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Leasehold Ownership

Around 4.5 million people in England currently own their home on a leasehold basis and so rather than owning the property itself, the leaseholder owns an agreement with the actual landowner giving them rights over the property for a set period of time. The leaseholder typically has to pay rent to the landowner on an annual basis (known as ‘ground rent’) as well as being responsible for outgoings including council tax and utilities used at the property.

Last month, the Government announced that leaseholders in England will soon be given a new right to extend their lease by up to 990 years and will not have to pay any ground rent to the landowner. This is a significant change and one that both leaseholders and landowners need to get to grips with.

How are the leasehold rules changing?

Currently, residential leaseholders of houses can extend their leases once only, for a 50 year period, following which the ground rent will continue. There is a separate right to buy the freehold of a house. Residential leaseholders of flats can extend as often as they wish at a ‘peppercorn’ (or £zero) ground rent for a 90 year period.

Under the proposed legislative changes, all leaseholders who are permitted to extend their lease (and most leaseholders will have the right to do so), will be able to do so by up to 990 years – and if they do, they will no longer have to pay ground rent to the landowner once they extend.

These changes will mean that leasehold owners of both houses and flats will be able to extend their lease for a new standard period of 990 years – and if, they do so, they will no longer have to pay ground rent. Leaseholders will also have the right to extend their lease as often as they wish.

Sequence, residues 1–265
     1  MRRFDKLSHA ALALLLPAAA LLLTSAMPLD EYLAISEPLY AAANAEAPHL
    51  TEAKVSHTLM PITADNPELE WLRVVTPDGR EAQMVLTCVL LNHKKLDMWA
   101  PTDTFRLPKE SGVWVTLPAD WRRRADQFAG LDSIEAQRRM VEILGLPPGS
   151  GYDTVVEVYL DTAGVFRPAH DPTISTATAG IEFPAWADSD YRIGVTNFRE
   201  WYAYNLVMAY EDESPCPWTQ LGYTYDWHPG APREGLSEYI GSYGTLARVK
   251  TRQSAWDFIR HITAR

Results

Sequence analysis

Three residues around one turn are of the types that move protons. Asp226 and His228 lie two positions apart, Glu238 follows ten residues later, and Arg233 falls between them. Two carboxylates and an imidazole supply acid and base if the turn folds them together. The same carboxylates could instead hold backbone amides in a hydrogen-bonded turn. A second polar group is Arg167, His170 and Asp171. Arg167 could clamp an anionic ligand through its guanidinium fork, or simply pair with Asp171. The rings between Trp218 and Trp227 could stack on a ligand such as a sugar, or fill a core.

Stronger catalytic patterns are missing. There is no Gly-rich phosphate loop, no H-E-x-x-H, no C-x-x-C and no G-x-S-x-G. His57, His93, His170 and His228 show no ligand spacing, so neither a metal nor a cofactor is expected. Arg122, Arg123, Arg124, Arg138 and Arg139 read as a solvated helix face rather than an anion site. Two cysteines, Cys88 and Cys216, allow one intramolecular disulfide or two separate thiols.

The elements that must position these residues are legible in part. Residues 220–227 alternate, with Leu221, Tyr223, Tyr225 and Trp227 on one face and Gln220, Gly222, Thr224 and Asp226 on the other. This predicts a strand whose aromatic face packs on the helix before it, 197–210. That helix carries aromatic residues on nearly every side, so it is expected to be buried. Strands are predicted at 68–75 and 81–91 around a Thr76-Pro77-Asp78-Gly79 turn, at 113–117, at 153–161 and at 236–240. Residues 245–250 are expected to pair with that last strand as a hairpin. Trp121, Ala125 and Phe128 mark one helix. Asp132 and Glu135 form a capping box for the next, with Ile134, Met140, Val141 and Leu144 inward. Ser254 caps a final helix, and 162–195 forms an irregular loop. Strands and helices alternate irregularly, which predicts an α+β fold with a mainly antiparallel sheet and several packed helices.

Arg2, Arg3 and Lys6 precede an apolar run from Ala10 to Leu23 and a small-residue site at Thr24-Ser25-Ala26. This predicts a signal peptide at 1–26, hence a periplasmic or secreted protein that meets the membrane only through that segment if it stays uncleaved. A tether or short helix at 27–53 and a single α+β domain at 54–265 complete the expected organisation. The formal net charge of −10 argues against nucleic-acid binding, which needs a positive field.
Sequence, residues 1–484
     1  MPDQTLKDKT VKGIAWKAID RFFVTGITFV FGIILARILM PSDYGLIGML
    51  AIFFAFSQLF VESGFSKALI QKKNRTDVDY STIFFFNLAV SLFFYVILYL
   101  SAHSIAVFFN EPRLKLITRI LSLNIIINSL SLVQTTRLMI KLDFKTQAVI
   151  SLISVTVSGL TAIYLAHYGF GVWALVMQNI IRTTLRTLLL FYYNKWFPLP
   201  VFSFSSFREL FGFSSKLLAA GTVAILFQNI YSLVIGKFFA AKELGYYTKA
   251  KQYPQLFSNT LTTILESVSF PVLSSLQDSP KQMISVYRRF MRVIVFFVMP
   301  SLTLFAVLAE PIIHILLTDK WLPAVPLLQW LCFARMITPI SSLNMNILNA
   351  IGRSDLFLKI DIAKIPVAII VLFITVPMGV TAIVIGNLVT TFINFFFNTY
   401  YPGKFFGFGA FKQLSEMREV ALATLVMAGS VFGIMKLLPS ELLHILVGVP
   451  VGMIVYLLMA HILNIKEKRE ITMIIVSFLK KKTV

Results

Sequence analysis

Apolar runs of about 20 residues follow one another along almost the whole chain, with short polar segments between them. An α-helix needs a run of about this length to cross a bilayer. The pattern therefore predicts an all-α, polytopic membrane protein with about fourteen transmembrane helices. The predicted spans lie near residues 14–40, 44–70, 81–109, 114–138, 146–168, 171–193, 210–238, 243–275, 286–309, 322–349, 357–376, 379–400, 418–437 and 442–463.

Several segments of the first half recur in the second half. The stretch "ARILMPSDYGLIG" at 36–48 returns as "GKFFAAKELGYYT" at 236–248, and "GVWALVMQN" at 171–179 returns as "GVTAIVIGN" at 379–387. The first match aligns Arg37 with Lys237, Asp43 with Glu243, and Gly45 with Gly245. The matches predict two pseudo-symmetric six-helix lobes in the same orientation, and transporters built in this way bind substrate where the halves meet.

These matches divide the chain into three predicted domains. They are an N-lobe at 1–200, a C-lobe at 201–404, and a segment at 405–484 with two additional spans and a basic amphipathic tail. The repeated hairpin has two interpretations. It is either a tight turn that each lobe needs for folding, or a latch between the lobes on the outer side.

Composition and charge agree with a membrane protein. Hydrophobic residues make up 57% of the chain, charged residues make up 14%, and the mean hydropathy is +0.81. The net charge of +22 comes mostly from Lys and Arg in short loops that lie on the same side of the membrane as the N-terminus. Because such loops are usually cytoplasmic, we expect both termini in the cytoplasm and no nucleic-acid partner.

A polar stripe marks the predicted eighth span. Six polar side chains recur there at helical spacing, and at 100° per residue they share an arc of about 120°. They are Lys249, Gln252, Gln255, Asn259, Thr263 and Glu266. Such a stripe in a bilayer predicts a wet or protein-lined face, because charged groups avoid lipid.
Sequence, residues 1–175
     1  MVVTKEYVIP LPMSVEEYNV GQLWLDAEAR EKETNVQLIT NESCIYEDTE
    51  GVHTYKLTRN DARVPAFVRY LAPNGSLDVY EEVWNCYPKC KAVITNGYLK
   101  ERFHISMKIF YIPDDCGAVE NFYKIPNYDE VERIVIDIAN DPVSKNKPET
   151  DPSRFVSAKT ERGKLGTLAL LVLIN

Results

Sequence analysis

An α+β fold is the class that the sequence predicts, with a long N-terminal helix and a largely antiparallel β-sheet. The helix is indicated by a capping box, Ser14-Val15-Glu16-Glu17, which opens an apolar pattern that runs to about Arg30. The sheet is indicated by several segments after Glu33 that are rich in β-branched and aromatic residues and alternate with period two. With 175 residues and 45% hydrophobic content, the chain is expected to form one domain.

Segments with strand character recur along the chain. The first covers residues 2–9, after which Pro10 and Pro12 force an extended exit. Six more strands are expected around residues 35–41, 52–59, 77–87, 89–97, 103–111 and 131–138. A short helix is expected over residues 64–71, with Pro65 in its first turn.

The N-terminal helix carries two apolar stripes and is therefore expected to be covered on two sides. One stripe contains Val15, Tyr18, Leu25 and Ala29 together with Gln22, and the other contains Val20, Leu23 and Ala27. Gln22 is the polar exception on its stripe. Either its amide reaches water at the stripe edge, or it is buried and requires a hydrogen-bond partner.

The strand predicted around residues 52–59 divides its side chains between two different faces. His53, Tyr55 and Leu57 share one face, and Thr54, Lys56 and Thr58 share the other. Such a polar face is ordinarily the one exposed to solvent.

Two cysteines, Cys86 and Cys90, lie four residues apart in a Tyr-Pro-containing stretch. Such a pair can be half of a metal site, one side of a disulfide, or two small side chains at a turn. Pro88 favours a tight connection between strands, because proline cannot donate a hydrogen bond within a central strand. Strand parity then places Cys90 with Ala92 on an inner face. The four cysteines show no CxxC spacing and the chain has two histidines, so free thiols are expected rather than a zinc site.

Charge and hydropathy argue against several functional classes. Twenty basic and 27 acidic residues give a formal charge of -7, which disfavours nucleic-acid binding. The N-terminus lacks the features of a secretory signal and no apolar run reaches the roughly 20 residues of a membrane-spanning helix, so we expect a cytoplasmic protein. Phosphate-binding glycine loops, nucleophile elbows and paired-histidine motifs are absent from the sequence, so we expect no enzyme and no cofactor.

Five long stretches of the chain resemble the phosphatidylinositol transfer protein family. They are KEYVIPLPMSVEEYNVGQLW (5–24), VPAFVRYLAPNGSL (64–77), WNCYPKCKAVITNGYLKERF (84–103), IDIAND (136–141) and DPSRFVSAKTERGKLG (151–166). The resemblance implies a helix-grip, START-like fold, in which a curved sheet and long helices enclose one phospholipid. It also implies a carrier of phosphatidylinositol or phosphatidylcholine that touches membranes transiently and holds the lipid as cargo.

The Government is also aiming to introduce the following new updates to residential leasehold law:

  • A new cap limiting the level of ground rent used in lease extension and freehold purchase calculations. An online calculator will be introduced to make it simpler for leaseholders to find out how much it will cost them to buy their freehold or extend their lease. This could be quite a controversial change and could lead to various challenges from larger institutional landlords.
  • Abolishing prohibitive costs like ‘marriage value’ which is the increase in the value of the property following the completion of a lease extension, reflecting the additional market value of the longer lease. This cost is typically paid to the freeholder on lease extension applications, although on flat lease extensions marriage value is currently only payable when leases have less than 80 years to run and only 50% of the marriage value is paid to the landlord.
  • The Government reiterated its promise (first made in 2019) to restrict ground rents to zero on all new house leases. They also confirmed that this will include retirement leasehold properties as well as new leases on flats (although the impact on retirement housing would be deferred for 12 months after Royal Assent).
  • The Government is also setting-up a ‘Commonhold Council’ – a partnership of leasehold groups, industry and the Government – that will prepare homeowners and the market for the anticipated widespread take-up of commonhold. Commonhold is a form of ownership for flats and other multi-occupancy developments, where each property owner owns the freehold of their home and common parts of the property are owned and managed by a commonhold or residents’ association.

These proposed reforms come hot on the heels of the Law Commission’s suggested measures to make leases fairer for residential tenants. There is no exact date for when the changes will come into force as yet, but the Government says it hopes to legislate as soon as possible. Until the full details of the proposed legislation is known, it is difficult to know what the true impact will be on existing leasehold properties.

If you have any questions regarding property lease terms, please email our dedicated real estate solicitors at or call 01202 702645.